What might the future of the Wikimedia movement look like? At the Wikimedia Summit, held in Berlin, Germany, from 29–31 March, around 210 participants from across the globe gathered to find answers to this question.

Over three energetic days, representatives from Wikimedia affiliates, the Wikimedia Foundation, and three Wikimedia committees came together with members of nine movement strategy working groups to discuss how to build the future of the Wikimedia movement and ensure access to more knowledge for more people. Via interactive sessions, open space forums, and conversation circles, participants analyzed research the working groups had produced and key questions they have formulated. Each program element was designed to help find answers to these questions, engage the affiliates in this work, and provide a platform for creating our future together.

“We’re here to work collaboratively on our future”

With a fresh name for 2019, the Wikimedia Summit—formerly the “Wikimedia Conference”—is the annual meeting of Wikimedia affiliates, the Wikimedia Foundation, and three Wikimedia committees, and is hosted and organized by Wikimedia Germany (Deutschland; WMDE). The change of name went hand in hand with a refining of the event’s objectives: to discuss strategy and governance of the Wikimedia movement. This year’s event put the spotlight on the movement strategy, which brings together members from all parts of our community to determine where we as a movement want to go and how we get there.

The Wikimedia Summit got underway with opening speeches that brought the bigger picture into view right from the outset. Michelle Müntefering, the German Minister of State at the Federal Foreign Office, acknowledged the work of Wikimedians in proliferating knowledge and spoke of the importance of reflecting different, diverse perspectives in this “new, democratic global library.” Katherine Maher, the Wikimedia Foundation’s Executive Director, got straight to the point, stating “we’re here to work collaboratively on our future” before Kaarel Vaidla, the movement strategy process architect, and Nicole Ebber, the movement strategy program manager, took the floor to outline how.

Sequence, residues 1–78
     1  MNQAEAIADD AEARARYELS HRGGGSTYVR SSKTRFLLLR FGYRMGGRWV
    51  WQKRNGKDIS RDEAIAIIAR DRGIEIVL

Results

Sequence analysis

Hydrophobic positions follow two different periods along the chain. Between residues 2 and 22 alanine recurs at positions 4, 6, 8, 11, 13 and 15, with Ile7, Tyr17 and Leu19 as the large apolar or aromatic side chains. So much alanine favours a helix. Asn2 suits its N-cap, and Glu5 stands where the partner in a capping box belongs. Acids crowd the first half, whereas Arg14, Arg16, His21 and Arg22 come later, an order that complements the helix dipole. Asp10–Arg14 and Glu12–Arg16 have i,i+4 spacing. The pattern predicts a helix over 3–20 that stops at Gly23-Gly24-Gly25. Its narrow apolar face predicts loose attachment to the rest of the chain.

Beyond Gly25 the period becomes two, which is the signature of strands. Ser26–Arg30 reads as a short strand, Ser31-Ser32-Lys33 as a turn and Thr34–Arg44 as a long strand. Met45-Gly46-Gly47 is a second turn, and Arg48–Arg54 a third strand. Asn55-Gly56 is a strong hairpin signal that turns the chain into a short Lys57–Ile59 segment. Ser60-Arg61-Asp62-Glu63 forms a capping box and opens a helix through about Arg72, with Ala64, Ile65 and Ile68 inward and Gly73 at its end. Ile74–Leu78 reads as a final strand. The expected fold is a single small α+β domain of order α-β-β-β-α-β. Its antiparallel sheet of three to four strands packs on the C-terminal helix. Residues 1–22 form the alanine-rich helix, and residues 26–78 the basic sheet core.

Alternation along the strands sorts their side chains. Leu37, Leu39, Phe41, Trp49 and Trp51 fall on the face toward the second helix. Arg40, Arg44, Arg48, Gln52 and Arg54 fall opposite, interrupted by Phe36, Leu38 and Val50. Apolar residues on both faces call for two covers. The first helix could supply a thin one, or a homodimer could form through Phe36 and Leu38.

Finding the best way to move forward together

As a key gathering for Wikimedia affiliates, the Wikimedia Summit provided working groups a dedicated space to engage with some of their main stakeholders. Its strategy-focused objective saw discussions center on how to advance in our strategic direction and become the essential support system for the whole free knowledge movement. On a concrete level,  this was the first opportunity for the working groups to speak directly to affiliates and start developing answers together to sets of guiding questions that the groups have formulated, each relating to a specific thematic area within the movement. Among the key insights that came out of the Summit are that there is a need to turn existing frustration into positive energy; ensure that people are at the core of what we do; and create partnerships and share resources effectively and meaningfully. Some working groups divided into sub-groups to enable them to better interact with the affiliates, and with other working groups.

Day one allowed working groups time to work together while the affiliate representatives were guided through how to use these questions to kickstart conversations about our future as well as ask their questions about the role they can play. The day was capped off by thematic meetups and dinner at WMDE’s offices.

Day two’s program focused on developing content and enriching it with the perspectives and input from Wikimedia affiliates. In a relaxed, open format, affiliates were able to visit each group at designated  areas in the venue, discuss the scoping documents and questions, and enhance conversations by providing useful local or thematic insight into the group’s work. The Wikimedia Board of Trustees rounded off the day’s program with their reflections on the path toward our future before the evening festivities got underway at nearby hotspot Villa Neukölln.